Healthcare executives overwhelmingly see health IT as having a positive impact on their organizations, with 88 percent indicating that the technology is helping them provide better quality of care.
That’s among the findings of a recent online poll of 164 healthcare executives at organizations with revenue between $25 million and $1 billion that was conducted by Harris on behalf of financial holding company CIT Group Inc.
As the industry transitions to pay-for-value payment models in which reimbursement is based on patient outcomes, 72 percent of executives also believe that they are “on track” when it comes to determining how to best measure outcomes, with near unanimity that technology, data and quality of care will all play a critical and increasing role in that measurement.
When it comes to health IT investment, 70 percent of healthcare executives said their organizations have switched to an electronic health record system. And among those who have an EHR, 56 percent of executives said that they have invested about what they anticipated for their system compared to original cost and budget expectations.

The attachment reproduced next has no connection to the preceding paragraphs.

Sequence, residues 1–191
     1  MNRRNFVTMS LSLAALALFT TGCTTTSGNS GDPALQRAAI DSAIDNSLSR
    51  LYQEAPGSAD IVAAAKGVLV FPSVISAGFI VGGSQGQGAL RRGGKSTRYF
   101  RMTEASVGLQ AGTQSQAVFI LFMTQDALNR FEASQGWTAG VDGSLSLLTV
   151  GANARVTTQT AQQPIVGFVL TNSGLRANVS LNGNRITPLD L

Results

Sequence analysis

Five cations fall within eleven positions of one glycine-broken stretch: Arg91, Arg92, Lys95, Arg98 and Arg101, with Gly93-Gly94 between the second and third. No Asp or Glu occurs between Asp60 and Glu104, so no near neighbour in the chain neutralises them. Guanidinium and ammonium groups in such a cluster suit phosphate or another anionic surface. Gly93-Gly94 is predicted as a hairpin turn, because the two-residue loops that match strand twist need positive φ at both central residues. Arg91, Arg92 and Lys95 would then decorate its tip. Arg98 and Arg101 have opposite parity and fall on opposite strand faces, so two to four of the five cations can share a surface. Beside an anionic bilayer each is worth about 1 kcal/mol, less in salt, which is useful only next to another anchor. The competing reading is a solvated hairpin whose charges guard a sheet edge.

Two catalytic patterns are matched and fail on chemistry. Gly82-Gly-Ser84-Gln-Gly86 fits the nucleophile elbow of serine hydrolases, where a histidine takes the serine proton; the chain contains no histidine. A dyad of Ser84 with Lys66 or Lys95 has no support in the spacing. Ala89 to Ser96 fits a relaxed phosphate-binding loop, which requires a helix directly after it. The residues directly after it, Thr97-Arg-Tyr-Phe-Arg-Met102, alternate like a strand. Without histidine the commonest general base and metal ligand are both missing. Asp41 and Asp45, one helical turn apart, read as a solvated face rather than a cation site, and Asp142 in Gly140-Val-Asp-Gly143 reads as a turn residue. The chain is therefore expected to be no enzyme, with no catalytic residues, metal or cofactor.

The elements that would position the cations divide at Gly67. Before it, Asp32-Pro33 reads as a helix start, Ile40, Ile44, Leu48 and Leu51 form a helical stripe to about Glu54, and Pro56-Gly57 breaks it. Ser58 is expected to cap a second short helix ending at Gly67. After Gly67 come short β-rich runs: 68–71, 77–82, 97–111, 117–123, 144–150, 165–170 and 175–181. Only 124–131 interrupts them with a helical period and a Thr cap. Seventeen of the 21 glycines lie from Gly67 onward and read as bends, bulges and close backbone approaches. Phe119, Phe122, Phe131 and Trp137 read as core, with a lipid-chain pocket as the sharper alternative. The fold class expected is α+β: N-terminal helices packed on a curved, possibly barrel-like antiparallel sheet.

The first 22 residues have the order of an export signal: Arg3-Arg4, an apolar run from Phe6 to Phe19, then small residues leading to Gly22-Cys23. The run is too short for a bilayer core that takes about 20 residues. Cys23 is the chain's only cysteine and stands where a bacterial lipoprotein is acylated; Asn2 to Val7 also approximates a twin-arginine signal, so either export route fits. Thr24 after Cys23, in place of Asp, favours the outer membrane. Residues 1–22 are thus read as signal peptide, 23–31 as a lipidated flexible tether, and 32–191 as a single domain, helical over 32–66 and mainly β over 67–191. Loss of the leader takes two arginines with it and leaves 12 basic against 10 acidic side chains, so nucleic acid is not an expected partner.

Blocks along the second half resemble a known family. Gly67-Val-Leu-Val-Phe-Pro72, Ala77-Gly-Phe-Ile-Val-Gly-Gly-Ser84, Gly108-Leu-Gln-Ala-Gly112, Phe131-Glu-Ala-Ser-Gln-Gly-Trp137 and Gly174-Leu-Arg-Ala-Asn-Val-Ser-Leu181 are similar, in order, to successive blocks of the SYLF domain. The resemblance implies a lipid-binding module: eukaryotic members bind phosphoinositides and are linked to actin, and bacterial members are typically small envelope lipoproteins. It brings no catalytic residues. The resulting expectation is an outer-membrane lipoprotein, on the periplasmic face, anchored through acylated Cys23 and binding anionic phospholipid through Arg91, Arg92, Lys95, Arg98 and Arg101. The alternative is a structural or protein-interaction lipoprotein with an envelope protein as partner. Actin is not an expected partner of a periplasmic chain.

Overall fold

“In general, the transition to an EHR system has been smooth and on track financially, and any obstacles with implementation have been relatively uncommon, primarily involving personnel (like convenience, training or ease),” states the report.
However, interoperability and the ability to communicate outside of their respective networks remains a work in progress, according to the poll. Most executives with currently limited communication indicated that they would like to address the problem, with 70 percent considering making a greater investment in IT investment so that their EHR can communicate with providers within and outside their network.
At the same time, among those executives who have an EHR system that communicates with other organizations, 67 percent were at least somewhat concerned about the security of the health information being exchanged.
And, as their organizations move to patient-centered healthcare, while 80 percent of surveyed executives agreed that consumers should be using technology to monitor their healthcare needs, 88 percent cite security as a clear concern that must be addressed.
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